Massive 1,100+ year old Maya site discovered in Georgia's mountains
Richard Thornton December 21, 2011
BLAIRSVILLE, GA (December 21, 2011) -- Around the year 800 AD the flourishing Maya civilization of Central America suddenly began a rapid collapse. A series of catastrophic volcanic eruptions were followed by two long periods of extreme drought conditions and unending wars between city states.
Cities and agricultural villages in the fertile, abundantly watered, Maya Highlands were the first to be abandoned. Here, for 16 centuries, Itza Maya farmers produced an abundance of food on mountainside terraces. Their agricultural surpluses made possible the rise of great cities in the Maya Lowlands and Yucatan Peninsula. When the combination of volcanic eruptions, wars and drought erased the abundance of food, famines struck the densely populated Maya Lowlands. Within a century, most of the cities were abandoned. However, some of the cities in the far north were taken over by the Itza Maya and thrived for two more centuries.
Read more here.
Post ID#19223 - replied 12/24/2011 5:29 AM
By Maggie Koerth-Baker at 12:27 pm Friday, Dec 23
I hate to lend any dignity to this story by commenting on it, but it's making the rounds, so here goes. Two things:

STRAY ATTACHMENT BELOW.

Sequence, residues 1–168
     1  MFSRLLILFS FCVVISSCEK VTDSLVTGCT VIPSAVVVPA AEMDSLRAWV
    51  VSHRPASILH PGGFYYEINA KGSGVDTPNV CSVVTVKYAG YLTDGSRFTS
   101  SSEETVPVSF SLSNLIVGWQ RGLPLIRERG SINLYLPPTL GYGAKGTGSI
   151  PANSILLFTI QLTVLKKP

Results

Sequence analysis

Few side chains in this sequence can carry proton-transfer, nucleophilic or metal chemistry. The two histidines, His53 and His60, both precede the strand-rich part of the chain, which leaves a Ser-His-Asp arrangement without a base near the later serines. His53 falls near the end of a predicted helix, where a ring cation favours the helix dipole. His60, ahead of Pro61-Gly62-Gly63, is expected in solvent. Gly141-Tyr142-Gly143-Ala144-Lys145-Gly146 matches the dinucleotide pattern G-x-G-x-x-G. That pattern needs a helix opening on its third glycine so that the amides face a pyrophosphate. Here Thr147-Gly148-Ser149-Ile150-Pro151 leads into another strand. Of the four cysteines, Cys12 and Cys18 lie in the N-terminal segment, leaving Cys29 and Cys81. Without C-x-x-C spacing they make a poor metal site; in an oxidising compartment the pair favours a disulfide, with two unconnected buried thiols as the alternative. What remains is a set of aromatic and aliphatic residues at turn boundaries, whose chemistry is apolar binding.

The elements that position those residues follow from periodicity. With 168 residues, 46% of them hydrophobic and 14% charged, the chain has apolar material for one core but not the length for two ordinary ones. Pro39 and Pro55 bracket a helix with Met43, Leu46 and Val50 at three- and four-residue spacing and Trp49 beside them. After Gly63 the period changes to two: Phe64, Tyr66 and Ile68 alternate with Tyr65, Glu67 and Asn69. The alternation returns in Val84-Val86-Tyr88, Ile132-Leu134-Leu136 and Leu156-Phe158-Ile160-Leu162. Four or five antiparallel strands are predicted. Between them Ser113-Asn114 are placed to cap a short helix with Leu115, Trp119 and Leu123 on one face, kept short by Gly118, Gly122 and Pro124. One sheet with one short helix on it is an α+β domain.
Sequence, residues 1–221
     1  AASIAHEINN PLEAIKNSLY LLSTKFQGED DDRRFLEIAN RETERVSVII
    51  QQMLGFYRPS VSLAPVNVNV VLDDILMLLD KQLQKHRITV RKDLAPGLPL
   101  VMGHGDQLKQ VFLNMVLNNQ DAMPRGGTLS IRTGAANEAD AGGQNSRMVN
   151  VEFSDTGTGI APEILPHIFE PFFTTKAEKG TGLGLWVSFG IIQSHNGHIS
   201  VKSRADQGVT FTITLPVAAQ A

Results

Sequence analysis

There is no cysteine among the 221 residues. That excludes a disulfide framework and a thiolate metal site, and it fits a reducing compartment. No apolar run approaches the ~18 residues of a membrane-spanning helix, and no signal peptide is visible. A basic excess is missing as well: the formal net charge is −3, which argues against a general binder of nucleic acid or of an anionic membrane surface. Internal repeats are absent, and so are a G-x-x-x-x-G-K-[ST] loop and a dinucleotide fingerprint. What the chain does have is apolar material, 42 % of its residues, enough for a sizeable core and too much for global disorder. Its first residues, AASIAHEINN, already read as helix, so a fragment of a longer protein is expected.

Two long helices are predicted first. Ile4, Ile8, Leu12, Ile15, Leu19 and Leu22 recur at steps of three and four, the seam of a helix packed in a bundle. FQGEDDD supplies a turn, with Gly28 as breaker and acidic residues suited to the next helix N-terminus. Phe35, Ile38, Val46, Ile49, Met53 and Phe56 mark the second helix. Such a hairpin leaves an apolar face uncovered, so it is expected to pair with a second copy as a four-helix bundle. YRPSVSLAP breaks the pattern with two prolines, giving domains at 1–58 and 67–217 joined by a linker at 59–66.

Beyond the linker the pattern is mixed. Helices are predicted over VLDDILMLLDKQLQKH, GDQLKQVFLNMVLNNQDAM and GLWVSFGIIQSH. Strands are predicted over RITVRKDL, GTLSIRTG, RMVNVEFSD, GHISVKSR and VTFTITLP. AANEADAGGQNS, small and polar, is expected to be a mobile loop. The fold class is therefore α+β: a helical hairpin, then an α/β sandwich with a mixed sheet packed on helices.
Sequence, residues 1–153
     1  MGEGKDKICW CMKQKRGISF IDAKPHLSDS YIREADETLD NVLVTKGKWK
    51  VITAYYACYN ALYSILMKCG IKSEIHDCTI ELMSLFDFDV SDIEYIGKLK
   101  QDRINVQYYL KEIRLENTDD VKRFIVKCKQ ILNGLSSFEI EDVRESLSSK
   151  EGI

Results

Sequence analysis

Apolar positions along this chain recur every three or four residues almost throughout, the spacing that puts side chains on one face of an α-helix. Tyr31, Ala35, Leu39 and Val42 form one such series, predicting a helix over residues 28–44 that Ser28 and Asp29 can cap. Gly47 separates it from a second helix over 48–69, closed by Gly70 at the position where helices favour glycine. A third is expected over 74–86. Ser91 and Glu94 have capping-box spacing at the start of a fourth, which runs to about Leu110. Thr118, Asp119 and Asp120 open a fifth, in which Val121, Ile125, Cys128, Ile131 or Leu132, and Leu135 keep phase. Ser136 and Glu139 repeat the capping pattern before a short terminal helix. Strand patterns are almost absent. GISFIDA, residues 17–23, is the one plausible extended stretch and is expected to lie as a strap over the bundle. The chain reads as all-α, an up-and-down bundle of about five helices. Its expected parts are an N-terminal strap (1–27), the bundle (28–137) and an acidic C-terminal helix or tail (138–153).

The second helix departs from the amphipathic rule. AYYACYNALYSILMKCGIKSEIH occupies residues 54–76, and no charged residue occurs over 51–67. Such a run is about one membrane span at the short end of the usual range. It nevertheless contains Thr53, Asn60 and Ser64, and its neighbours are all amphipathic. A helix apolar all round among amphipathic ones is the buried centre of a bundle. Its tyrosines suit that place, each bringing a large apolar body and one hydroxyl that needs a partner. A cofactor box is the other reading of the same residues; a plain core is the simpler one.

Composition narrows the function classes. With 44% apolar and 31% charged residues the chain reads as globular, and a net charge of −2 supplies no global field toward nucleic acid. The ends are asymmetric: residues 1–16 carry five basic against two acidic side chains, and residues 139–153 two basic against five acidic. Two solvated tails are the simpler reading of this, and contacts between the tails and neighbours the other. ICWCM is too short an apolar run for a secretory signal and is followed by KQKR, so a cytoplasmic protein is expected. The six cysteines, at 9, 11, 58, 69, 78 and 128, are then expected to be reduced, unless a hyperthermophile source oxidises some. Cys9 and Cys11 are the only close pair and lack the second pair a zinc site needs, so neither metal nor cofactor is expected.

1. Nobody found Mayan ruins in the U.S. state of Georgia. An article posted on The Examiner claimed this was the case. That article is full of it. So full of it that even the scientist cited in the article is (in a more polite way) publicly calling out The Examiner for being full of it. Mark Williams of the University of Georgia does do research on North American archaeology. He has spent 20 years excavating sites in Georgia's Oconee River valley. But these sites are not Mayan. Instead, they're part of what are broadly known as "Mississippian cultures," a conglomeration of ancient North American peoples who built a lot of earth mound structures and whose cultures are distinct from those of the Mayans and other Central Americans.
Read more here.
Post ID#19224 - replied 12/24/2011 2:13 PM
Post ID#19230 - replied 12/29/2011 4:18 AM
APPRAISAL OF A PILED STONE FEATURE COMPLEX IN
THE MOUNTAINS OF NORTH GEORGIA
By Johannes (Jannie) Loubser (Stratum Unlimited, LLC) and Douglas Frink (Worcester State College)
Post ID#19232 - replied 12/29/2011 4:35 PM
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